Notorious for his frank, tell-it-like-it-is style, Redd Foxx broke new ground for minorities and comedians alike. By joking about everything from sex to color barriers, he brought simmering and taboo issues into the open. His candor onstage not only jump-started what is now considered a war with censors, but also inspired and enabled other comedians to achieve more than had ever been possible. Foxx was not only "The King of Comedy," but also a talented artist. He took a sketch book with him whenever possible, and enjoyed creating his own fantastic images or capturing the essense of those whom he loved or admired.
John Elroy Sanford was born into poverty in St. Louis on December 9, 1922. With a ruddy complexion, Redd became a fast nickname. He derived Foxx from admirable Major League Baseball player, Jimmie Foxx. He left St. Louis for Chicago when he was 13, and supported himself by playing the washboard in a band. When the band broke up three years later, he hopped a train to New York City. It was there that he met Malcolm Little, a man who would later be known as Malcolm X. In "The Autobiography of Malcolm X," he is referred to as "Chicago Red, the funniest dishwasher on this earth."
Foxx began performing as a comedian/actor in black theaters and nightclubs, often referred to as the "Chitlin Circuit." From 1951-1955 he teamed with comic Slappy White, a lifelong friend who would also act alongside him on "Sanford and Son" and "The Redd Foxx Comedy Hour." While he was performing in Los Angeles, he was offered a deal with the Dooto record label. Foxx received $25 for his first recording. In the years to follow he would produce over 50 comedic albums. During the 1960s, as cultural barriers began to wear down, Foxx's audience grew steadily. In 1972, after his film debut in Ossie Davis' Cotton Comes to Harlem, Norman Lear signed Foxx as junk dealer Fred Sanford in a new NBC sitcom.
"Sanford and Son," which co-starred Demond Wilson and La Wanda Page, was a big hit. So big, in fact, that it ranked in the top ten virtually every week it aired. At one point NBC even ran the show twice a week. When Foxx left in 1977, it was reportedly because NBC wouldn't give him a dressing room with a window. Closer to the truth, however, might have been the generous salary offered to him by ABC. In an effort to weaken NBC's powerhouse Friday line-up, ABC was determined to lure away the "Sanford and Son" star. It worked.
NBC's ratings dropped continuously. Meanwhile, Foxx launched his own show, "The Redd Foxx Comedy Hour." He was executive producer of the program, which first aired on September 15, 1977, and cast him alongside Sarah Hardy, Slappy White, "Iron Jaw" Wilson, Billy Barty, Hal Smith, Bill Saluga and The Gerald Wilson Orchestra. Foxx was excited about the variety show's open forum, and planned to take full advantage of the opportunity. "I'll be doing anything that can possibly be different from what's been done before." He said. "I'll be doing skits, bits, obnoxious things.. I might do Romeo and Juliet with a gorilla." In keeping with the show's tone, during the introduction a list of guest stars that would not appear on the program was read. Real guest stars included comedian Andy Kaufman and Bob Einstein's "Super Dave Osborne" character.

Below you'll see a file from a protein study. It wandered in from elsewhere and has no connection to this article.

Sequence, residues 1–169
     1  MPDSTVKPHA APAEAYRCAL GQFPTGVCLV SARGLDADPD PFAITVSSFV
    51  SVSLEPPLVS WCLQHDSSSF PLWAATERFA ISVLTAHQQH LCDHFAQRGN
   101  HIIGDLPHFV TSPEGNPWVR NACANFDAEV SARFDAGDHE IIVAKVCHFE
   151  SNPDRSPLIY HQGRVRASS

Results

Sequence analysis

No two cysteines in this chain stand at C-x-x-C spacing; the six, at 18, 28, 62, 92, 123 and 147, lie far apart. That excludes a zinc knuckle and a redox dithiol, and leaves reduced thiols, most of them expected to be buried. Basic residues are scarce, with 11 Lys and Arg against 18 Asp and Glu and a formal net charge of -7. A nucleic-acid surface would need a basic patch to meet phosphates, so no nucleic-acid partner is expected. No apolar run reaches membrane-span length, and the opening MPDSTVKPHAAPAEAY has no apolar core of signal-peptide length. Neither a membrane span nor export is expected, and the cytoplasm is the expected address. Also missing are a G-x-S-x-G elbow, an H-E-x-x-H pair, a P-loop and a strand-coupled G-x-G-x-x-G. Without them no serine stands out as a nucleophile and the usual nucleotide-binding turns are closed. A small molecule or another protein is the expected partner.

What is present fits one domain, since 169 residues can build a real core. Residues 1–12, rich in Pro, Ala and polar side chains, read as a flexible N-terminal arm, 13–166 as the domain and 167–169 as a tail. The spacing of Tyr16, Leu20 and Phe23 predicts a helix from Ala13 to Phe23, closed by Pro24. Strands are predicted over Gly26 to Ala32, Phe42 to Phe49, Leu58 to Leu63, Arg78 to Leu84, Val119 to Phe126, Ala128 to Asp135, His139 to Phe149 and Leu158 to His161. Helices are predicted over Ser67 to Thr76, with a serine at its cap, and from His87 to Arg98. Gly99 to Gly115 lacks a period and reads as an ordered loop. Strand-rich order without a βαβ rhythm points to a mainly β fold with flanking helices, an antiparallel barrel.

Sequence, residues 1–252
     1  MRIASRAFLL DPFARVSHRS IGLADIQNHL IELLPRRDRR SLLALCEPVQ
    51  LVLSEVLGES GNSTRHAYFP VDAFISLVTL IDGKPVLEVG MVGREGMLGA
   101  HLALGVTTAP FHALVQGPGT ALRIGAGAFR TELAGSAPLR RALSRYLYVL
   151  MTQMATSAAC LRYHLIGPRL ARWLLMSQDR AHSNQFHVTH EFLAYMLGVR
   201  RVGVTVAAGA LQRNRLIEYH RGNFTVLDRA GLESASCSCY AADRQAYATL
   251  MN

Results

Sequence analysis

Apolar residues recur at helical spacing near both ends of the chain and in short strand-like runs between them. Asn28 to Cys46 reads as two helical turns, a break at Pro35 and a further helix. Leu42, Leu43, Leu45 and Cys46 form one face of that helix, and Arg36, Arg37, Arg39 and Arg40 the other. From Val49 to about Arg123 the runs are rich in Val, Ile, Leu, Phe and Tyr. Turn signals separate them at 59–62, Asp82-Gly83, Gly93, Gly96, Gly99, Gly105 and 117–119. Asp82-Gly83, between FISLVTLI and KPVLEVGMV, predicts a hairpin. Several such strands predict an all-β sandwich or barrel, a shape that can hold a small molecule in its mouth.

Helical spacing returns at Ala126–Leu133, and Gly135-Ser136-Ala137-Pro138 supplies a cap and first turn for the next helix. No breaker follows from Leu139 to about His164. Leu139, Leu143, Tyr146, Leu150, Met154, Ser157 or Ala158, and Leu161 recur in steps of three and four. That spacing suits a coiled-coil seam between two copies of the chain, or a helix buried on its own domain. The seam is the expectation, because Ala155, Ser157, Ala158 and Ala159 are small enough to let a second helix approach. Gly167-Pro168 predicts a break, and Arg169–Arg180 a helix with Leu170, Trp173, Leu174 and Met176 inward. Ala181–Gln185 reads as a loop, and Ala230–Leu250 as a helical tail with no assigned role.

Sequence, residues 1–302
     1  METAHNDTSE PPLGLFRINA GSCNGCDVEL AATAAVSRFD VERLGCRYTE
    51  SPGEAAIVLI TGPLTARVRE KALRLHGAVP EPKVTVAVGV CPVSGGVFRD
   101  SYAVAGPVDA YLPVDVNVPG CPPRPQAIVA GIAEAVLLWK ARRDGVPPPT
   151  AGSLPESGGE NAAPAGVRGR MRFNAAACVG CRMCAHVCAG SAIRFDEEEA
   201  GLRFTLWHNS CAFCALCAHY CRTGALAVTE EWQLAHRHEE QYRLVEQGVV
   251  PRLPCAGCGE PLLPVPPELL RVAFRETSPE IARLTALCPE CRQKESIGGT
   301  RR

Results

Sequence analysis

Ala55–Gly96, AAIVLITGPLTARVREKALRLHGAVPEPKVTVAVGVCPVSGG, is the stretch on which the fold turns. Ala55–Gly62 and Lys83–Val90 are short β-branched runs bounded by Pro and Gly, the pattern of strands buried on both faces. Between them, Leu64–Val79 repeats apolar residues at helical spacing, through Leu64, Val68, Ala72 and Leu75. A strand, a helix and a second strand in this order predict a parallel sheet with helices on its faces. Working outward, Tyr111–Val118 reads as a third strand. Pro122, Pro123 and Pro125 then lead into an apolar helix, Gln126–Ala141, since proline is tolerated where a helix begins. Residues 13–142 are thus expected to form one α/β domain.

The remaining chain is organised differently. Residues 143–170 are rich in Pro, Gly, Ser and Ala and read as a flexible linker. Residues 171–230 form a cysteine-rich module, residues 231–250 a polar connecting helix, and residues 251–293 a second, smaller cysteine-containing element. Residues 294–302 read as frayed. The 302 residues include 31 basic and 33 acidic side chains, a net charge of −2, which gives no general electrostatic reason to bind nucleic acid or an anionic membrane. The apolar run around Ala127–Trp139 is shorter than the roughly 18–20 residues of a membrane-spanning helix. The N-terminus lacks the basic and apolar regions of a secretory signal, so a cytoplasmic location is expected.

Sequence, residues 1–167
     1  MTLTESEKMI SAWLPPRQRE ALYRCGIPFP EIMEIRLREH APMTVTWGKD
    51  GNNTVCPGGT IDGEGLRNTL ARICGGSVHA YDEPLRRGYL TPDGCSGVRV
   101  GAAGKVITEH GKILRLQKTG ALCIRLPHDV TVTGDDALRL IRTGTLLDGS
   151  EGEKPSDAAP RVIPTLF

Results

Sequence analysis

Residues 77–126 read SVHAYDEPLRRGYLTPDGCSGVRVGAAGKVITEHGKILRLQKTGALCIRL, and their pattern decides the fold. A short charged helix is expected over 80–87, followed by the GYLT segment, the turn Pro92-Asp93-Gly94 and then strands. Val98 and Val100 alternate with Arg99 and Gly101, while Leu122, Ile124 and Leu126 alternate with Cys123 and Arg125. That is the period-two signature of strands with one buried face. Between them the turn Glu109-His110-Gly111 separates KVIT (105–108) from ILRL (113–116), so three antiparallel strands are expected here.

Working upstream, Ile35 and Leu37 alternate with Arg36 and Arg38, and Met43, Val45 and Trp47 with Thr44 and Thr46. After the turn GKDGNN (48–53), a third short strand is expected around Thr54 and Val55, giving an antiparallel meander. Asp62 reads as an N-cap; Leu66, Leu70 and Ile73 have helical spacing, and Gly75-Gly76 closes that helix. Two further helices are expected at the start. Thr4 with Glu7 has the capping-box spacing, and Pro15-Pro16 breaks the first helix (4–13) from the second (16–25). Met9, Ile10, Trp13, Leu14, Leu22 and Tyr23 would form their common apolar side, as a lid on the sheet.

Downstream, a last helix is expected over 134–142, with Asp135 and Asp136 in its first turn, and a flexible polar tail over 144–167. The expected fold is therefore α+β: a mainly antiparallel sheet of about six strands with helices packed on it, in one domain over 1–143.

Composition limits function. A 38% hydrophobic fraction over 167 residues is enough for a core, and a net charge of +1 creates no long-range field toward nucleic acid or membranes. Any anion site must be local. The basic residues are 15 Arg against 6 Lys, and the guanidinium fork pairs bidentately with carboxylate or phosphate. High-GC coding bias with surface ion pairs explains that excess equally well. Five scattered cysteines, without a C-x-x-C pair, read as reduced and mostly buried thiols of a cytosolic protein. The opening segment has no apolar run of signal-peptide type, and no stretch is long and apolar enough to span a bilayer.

During the first episode, well aware that he was infamous for a special brand of comedic routines, he joked, "The only thing I can do from my nightclub act is smoke." Foxx took live questions from the audience during his monologue, demonstrating his clever and on-the-ball wit. The program's undisciplined nature made it extremely adventurous for the 1970s, and challenged both the audience and the censors to speculate what would transpire next. Nevertheless, having only been interested in hindering NBC's progress, ABC wasn't concerned with how Foxx faired at their network. The show was cancelled on January 26, 1978.
Foxx then took to Las Vegas, where he instantly became a headliner. He enjoyed performing there, and continued even while he launched another sitcom for ABC. On "The Redd Foxx Show," he played Al Hughes, a likeable, friendly newsstand owner. The cast was a mix of former co-stars, including "Iron Jaw" Wilson, and new faces, such as Nathaniel "Rollo" Taylor, Barry Van Dyke and Beverly Todd. The show did not fair well with audiences, however, and when production was terminated, Foxx left ABC for good.
In 1989, he and long-time friend Della Reese co-starred in Eddie Murphy's "Harlem Nights." Though the movie itself received little attention, critics took notice of the pair's performance. CBS jumped and signed the two for a new sitcom, "The Royal Family."
Sadly, while on the set of "The Royal Family," Foxx suffered a massive heart attack. Reese bent over him and prayed, "Don't die Redd, don't die," but it was too late. The world lost comedic genius Redd Foxx on October 11, 1991. Foxx's albums stand as proof of his legacy as they continue to sell, topping out at over 15 million copies sold.